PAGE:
What type of multifamily property yields the best return on your investment?
What are the pros and cons of different asset classes?
Is it better to invest in a stable property or one with value-add opportunity?
In this week’s vlog, I explore the different categories of multifamily investments and share the advantages and disadvantages of each.
I walk you through the 4 asset classes, discussing which is most sensitive to market cycles and which carries the greatest risk.
I also offer insight on the difference between a stable property and a value-add opportunity and explain how an investment qualifies for agency debt.
In just 5 minutes, you’ll better understand what multifamily properties yield the best return on your investment and get familiar with the benefits—and the downside—of each property type!
Watch the video below or keep on reading.
Easy as A-B-C
Asset classes are labeled with the letters A through D, and as you may have guessed, class A buildings are of the highest quality. These luxury properties are either less than 10 years old OR they have been renovated in a big way in that 10-year window.
The advantages of class A include high rents, high-quality tenants, and few necessary repairs or renovations. The downside is that luxury properties are very sensitive to market cycles: While class A performs well when the market is thriving, tenants flee for class B when the market declines.
To B or Not to B
Located in desirable neighborhoods, class B properties are less than 30 years old, and they tend to attract young professionals as renters. We like this asset class because no major deferred maintenance is required, which means the heating, cooling, plumbing and electrical systems are usually in pretty good shape.
In addition, class B buildings perform well in any market. When the economy is strong, they attract class C tenants who want to upgrade. In a down market, class A tenants who can no longer afford their luxury apartments move into class B. Really, the only downside of this particular asset class is a possible need to upgrade the units.
Oh Say Can You See
Class C apartments are typically more than 30 years old. They have dated exteriors and few, if any, amenities. The upside to this asset class is that they afford the highest possible cashflow.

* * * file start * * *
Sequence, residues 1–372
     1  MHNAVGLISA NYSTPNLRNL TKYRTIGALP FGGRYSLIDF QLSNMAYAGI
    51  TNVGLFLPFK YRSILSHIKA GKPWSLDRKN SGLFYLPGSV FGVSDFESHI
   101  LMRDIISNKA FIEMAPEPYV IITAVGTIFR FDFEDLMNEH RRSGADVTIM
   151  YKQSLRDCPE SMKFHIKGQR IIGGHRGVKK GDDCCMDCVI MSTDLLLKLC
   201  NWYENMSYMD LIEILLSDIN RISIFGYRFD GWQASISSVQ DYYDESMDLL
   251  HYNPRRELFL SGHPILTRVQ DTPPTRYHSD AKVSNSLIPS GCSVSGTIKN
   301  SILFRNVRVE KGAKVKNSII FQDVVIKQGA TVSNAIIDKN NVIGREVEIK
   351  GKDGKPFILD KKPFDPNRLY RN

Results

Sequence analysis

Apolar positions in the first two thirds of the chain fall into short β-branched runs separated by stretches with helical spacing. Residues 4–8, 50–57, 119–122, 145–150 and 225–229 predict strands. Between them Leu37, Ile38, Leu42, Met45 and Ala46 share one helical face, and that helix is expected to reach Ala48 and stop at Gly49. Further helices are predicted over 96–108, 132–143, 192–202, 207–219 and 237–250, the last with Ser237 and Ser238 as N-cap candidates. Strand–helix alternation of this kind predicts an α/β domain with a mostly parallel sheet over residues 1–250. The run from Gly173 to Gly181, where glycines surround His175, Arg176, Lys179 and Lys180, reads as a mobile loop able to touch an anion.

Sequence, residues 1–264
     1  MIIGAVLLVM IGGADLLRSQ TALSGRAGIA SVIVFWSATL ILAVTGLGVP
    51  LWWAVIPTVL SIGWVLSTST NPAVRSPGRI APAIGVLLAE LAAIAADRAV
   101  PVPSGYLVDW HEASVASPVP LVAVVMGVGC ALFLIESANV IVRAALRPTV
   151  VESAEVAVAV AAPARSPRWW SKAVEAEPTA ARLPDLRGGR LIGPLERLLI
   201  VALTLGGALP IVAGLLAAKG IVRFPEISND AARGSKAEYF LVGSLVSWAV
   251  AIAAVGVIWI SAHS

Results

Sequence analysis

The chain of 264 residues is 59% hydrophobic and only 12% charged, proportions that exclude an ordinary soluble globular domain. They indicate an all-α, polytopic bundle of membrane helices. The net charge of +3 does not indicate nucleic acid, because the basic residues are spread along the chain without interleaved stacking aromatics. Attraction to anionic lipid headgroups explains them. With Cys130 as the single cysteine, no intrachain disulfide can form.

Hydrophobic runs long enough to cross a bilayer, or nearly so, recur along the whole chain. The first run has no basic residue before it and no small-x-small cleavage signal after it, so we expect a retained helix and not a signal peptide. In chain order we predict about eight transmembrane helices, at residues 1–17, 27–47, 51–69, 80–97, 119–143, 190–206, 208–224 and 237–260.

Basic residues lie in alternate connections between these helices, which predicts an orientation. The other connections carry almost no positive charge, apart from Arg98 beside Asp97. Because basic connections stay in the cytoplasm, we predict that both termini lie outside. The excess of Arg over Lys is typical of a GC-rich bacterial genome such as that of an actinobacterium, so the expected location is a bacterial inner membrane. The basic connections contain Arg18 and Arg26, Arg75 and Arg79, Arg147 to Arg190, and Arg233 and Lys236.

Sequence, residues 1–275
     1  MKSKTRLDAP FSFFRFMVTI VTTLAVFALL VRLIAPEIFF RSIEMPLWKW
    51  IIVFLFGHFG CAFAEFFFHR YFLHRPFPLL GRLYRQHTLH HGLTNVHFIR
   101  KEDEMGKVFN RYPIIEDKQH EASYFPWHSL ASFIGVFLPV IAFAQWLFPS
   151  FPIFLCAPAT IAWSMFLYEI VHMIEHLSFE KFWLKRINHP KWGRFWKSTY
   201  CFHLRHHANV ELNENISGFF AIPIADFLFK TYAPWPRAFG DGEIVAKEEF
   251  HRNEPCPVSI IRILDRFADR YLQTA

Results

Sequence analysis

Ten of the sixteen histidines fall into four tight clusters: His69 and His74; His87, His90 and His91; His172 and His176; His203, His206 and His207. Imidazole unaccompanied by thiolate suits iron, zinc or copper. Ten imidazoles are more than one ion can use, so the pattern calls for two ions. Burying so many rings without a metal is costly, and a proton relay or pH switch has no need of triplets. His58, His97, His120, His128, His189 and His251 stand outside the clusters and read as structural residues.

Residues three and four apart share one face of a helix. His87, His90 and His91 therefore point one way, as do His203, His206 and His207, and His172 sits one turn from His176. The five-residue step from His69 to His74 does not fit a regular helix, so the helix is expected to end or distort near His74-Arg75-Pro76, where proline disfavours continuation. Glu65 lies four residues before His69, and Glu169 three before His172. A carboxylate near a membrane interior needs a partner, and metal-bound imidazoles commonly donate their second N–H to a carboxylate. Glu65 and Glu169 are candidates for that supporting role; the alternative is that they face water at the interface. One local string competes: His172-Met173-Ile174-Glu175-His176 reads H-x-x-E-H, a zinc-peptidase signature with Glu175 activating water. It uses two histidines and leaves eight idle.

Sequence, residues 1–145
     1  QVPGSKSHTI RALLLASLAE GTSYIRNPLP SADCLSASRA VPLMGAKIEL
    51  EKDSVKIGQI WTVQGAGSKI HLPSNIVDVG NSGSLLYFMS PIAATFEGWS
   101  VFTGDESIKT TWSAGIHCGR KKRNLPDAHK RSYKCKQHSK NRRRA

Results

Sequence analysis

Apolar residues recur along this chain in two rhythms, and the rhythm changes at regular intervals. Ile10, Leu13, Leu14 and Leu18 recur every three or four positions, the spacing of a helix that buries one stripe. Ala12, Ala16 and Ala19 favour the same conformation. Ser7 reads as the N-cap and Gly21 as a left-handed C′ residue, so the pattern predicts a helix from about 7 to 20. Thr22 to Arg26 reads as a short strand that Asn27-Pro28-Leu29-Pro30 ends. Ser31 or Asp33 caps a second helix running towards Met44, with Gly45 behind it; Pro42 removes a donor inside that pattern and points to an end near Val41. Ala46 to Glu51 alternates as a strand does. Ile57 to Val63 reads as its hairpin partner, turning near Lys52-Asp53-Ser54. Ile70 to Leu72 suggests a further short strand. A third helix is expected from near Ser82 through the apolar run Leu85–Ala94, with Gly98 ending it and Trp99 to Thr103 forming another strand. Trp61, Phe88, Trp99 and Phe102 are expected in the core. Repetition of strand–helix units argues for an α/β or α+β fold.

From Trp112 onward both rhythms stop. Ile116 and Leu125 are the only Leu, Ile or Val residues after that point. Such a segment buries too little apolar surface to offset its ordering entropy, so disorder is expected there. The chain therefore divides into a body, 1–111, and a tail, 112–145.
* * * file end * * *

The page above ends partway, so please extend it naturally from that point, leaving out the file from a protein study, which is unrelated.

Unfortunately, they also require a lot of deferred maintenance as major improvements to things like the electrical system or the roof may be necessary; when we invest in Class C properties, we will include the necessary capital expenditures into our business plan to maximize cashflow
Class D properties are located in run-down neighborhoods and struggle with issues like drugs, crime and prostitution. That’s why we focus on class B and C assets that are less sensitive to market cycles than class A but carry much less risk than class D.
Stable vs. Value-Add
Now that you have a handle on the pros and cons of the different asset classes, let’s take a look at another way we categorize multifamily properties. The first classification is stable, meaning that a building has an occupancy of at least 90% and the rents are at or near market value. A property like this already has cashflow, but there is little opportunity to increase your revenue in any significant way.
Like stable properties, stable value-add buildings have at least 90% occupancy, which means they qualify for agency debt in the form of government loans from Fannie Mae or Freddie Mac. This is an advantage in that these loans are the cheapest you can get with the longest amortization. Stable value-add properties differ from stable ones in that the rents are not at market value, either because they were simply never raised or because renovations are needed.
Damsel in Distress
A distressed value-add property’s occupancy has dipped below 90%, so it does not qualify for a Fannie or Freddie loan. In this case, you must employ a different product (i.e.: a bridge loan or local bank loan) to finance the deal. Many multifamily syndicators secure a bridge loan to get started and then refinance with a government loan once occupancy has been raised to the required 90%.
Last but not least, you might choose to reposition a property, meaning you transition the building to a new asset class. Perhaps you invest in a C property located in a B market with the intention of turning it into a class B building. Not only will this require extensive renovations, but you will also be tasked with completely changing your tenant base. These opportunities are highly profitable—and highly risky.
Our sweet spot here is in the stable value-add and distressed value-add range. We focus on these categories because they offer the highest potential return on investment without the risk.
Now that you’re well-versed in the asset classes of multifamily and understand stable vs. value-add opportunities, you can decide which types of properties are the best investment. For the greatest upside with the least risk, focus on class B or C properties with value-add opportunity. And if you want to invest in a deal like that with us, visit Nighthawk Equity for more information and consider joining the Nighthawk Investor Club.